“All of this doesn’t sound very helpful,” Rosa said, but Huldra silenced her with a look as Cat listened quietly.

“Nidhoggr, the Realms, the Tree. These concepts are tied too closely together for us to force fate against Nidhoggr. No force in the cosmos has a stronger connection the World Tree than Nidhoggr, save perhaps for Angel when she was at full strength. The key, then, is to sever Nidhoggr’s connection the World Tree while simultaneously cutting the walls between worlds.”

“And that can be done?” Cat asked.

“We were not sure at first, but we believe it to be so,” Huldra nodded. “Before the World Tree, before the nine realms, there were only two realms: Muspellheim, the land of fire, and Niflheim, the land of frost. Between them was the infinite primordial void, a chasm called Ginungagaap.”

“I think I read about that,” Cat said. “Gisela had it in one of her books. That’s where the Primordial giant, Ymir lived, right, the one whose body became the realms?”

Huldra smiled. “You are a scholar.”

Cat smiled, face reddening a bit.

“I realized, with Hecate’s assistance, that if you recreated those conditions…If, for a moment, it was on Earth as it was at the beginning of creation, then Nidhoggr would briefly become unbound by fate. The borders between worlds would evaporate, and the dragon could be thrust back into its ancient prison.”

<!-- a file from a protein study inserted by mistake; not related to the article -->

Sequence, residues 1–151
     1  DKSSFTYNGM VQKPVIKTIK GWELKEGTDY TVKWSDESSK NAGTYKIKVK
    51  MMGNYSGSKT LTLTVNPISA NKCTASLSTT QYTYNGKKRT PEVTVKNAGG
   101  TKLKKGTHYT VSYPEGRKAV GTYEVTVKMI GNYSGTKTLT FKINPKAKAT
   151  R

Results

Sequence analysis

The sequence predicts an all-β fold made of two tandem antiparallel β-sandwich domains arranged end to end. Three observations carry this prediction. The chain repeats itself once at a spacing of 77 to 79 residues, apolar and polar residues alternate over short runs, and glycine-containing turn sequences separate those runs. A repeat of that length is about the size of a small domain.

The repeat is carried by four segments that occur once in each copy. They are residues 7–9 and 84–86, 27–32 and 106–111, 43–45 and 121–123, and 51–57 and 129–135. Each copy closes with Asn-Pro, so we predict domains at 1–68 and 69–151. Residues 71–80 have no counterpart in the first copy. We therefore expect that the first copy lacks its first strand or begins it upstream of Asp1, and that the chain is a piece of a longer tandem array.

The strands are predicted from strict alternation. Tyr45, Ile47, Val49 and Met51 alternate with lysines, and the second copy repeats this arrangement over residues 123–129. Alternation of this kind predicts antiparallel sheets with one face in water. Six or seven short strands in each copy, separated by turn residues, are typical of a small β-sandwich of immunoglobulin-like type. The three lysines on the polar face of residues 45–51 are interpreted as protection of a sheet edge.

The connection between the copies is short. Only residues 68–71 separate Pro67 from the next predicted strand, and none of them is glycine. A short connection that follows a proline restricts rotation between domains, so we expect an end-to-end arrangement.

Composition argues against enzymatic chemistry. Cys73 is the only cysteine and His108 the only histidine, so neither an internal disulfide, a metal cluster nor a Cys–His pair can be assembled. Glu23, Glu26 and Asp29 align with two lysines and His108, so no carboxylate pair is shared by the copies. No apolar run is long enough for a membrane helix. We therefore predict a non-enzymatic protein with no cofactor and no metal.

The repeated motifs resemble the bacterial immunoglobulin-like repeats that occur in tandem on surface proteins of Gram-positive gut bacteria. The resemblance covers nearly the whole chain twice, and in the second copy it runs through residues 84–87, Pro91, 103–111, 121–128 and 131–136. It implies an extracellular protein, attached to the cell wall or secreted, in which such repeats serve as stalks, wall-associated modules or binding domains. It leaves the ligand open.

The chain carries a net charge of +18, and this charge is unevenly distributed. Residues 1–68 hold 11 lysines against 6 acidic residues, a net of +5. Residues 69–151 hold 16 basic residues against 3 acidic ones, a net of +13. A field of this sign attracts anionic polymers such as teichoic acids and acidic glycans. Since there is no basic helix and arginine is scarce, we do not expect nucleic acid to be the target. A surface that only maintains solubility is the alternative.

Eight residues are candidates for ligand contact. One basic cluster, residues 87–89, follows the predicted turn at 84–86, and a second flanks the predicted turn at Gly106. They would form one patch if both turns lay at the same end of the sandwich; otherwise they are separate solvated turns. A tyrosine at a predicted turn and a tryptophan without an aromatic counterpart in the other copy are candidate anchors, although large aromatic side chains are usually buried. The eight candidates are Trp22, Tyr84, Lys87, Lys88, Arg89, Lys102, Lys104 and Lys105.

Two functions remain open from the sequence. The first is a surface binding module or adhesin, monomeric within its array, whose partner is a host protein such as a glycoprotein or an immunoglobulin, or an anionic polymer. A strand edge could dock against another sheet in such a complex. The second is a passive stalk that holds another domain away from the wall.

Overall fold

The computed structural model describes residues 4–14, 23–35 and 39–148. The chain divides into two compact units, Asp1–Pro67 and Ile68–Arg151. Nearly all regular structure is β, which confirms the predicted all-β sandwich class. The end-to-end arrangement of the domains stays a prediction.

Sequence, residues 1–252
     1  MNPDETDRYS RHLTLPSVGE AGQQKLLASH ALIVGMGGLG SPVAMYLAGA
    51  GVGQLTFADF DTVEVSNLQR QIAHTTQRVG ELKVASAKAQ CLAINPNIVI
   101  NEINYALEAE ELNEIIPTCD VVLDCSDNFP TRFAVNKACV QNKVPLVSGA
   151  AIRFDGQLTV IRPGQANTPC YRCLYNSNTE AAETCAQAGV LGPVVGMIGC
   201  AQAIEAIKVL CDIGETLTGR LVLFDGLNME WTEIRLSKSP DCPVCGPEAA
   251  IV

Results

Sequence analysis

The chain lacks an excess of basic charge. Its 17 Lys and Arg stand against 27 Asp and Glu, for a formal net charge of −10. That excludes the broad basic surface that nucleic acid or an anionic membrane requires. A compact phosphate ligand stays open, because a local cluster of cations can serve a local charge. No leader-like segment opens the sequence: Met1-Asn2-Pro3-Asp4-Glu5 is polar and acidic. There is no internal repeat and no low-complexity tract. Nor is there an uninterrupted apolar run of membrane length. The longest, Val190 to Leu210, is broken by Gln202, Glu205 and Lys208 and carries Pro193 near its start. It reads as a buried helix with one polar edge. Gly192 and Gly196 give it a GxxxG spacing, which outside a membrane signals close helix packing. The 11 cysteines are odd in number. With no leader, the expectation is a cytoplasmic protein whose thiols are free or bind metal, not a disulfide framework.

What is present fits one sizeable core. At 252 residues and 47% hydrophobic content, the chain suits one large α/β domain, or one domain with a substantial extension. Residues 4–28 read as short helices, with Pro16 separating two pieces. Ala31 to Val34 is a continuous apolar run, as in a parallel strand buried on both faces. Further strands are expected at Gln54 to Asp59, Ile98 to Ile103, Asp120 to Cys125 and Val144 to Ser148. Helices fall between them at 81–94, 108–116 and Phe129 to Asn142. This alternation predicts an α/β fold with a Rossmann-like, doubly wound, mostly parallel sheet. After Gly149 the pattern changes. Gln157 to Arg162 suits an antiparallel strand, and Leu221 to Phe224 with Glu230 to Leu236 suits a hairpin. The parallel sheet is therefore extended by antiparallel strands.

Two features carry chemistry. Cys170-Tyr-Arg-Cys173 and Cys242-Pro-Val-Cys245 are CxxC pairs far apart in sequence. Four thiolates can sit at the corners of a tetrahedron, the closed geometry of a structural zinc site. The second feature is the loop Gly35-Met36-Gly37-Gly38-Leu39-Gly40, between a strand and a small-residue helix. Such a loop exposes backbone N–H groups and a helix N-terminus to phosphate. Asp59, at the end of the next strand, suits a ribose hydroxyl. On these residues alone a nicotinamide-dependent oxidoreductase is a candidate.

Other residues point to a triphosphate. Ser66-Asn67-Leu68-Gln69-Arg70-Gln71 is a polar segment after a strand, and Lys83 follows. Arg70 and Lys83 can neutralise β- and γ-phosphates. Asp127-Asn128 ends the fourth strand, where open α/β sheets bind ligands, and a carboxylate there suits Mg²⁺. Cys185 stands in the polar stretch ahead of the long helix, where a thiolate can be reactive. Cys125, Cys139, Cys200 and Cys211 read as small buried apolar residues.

“That sounds…dangerous,” Cat said. “A piece of infinite void on Earth?”

“A tiny portion,” Huldra said. “Like a pinhole in the fabric of reality…though up close even a pinhole can be dramatic I suppose. But it is hardly a threat to creation at large.”

“How long could this…hole into the void be open for?” Rosa asked. “What’s our window?”

“It would last moments, mere seconds at most,” Huldra said. “As they say nature abhors a vacuum, and Fate despises primordial chaos. For that brief window, we would be unmaking fate entirely, unraveling the threads in the most destructive manner possible. The retribution of the Three will be swift and terrible.”

“The Three?” Cat asked.

“The keepers of Fate,” Huldra said. “Past, Present, and Future. I daresay after this is over, my sisters and I will need to scatter to the winds to avoid them. This is not the sort of trick that gives you a second chance. In that brief moment, on that battlefield with Nidhoggr, we will not just be unmaking creation, we will be ripping a hole in time, fate, and destiny. This is not action taken lightly, and there will be ramifications.”